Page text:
They earn NIS 2000 per month, are dismissed every nine months, and have few rights: meet the manual laborers of the Israel Antiquities Authority, employed via the personnel agency Brick. “When you take away a man’s livelihood, why not mock him too and trample him underfoot?” The Antiquities Authority: “We don’t have the resources to employ them directly.”
The dismissal notice came as a surprise to Yafa Miara. After nine months of intensive physical labor which earned her praise from the archeologists with whom she worked, she was compelled to leave behind the archeological digs.
Despite the fatigue, the long hours in the sun, and the dust and dirt, Miara (42), a resident of Ashkelon, found great satisfaction in her work: “I knew I was a good, professional digger,” she says. “Archeologists begged to work with me. They knew they could count on me, so why did I suddenly get fired? When they told me I could continue to work via the personnel agency,
I didn’t understand the significance of it. In the south, many people work via such agencies. But when they dismissed me I suddenly understood that this was their way of denying me basic social rights.”
After a cooling-off period of a few months, Miara was called again by the Israel Antiquities Authority (IAA) management. Lacking any other alternative, she returned to work via the personnel agency Brick Enterprises and Development.
The timing of Miara’s dismissal, like that of dozens of others in archeological sites, is not accidental. The Antiquities Authority, a government body under the Ministry of Culture, works systematically to avoid implementing Paragraph 12a of the amendment to the Law on the Employment of Workers by Personnel Contractors which came into force in January 2008. According to the amendment, at the end of nine months’ employment via a personnel agency, the company employing them in practice – in this case the IAA – must take on the workers in a direct employment relationship. The amendment was supposed to limit the ongoing employment of workers via personnel agencies, where they have no pension or other social benefits.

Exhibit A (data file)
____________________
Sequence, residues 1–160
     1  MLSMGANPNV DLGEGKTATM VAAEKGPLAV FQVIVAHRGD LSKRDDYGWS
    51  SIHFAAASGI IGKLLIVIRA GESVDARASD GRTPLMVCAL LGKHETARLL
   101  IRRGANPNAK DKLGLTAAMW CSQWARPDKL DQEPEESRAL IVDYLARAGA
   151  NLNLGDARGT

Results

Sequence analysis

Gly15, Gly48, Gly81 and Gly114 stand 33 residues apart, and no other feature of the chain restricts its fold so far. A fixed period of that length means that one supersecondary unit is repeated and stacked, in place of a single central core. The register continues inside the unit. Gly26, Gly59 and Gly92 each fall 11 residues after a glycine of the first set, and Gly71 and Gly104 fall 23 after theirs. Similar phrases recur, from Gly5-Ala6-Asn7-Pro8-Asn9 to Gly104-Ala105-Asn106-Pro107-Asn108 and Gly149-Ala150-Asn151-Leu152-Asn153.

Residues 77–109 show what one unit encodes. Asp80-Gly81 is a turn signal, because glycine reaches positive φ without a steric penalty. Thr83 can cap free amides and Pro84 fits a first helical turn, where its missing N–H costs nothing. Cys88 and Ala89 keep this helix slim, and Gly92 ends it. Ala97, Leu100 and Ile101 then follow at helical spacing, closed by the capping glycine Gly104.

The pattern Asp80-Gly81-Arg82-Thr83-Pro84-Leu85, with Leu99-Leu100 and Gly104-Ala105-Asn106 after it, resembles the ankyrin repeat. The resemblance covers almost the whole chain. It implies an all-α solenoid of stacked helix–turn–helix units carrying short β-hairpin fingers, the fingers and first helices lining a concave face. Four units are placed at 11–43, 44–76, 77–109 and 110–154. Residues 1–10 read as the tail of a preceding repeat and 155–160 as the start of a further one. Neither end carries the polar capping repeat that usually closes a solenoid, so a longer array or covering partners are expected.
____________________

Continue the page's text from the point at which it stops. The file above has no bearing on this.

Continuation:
In February 2008, one month after the amendment came into force, the question of the agency workers came up in an internal discussion of the IAA management, in which IAA Director General Shuka Dorfman also took part. But despite the change in the law, nothing changed in the Authority’s employment policy: workers continued to be dismissed after nine months’ work so that they would not have to be granted permanent employee status.
“We have to make sure that the workers are dismissed after nine months so that they don’t get dismissal compensation, like the Authority workers get,” Assistant Director General Shlomo Ashkenazi said during a management meeting on the issue, thereby revealing the Authority’s policy towards temporary workers. “In the coming months we’ll have to dismiss many.” Neither did Dorfman make any attempt to hide the fact that this was the Authority’s policy. It didn’t seem to bother those present at the discussion that the declared policy seemed to go against the law. “It must be understood that we can’t hire these 550 workers,” he said. “The IAA will use temporary workers and have no responsibility for their continued employment. The personnel agency will be responsible for this.”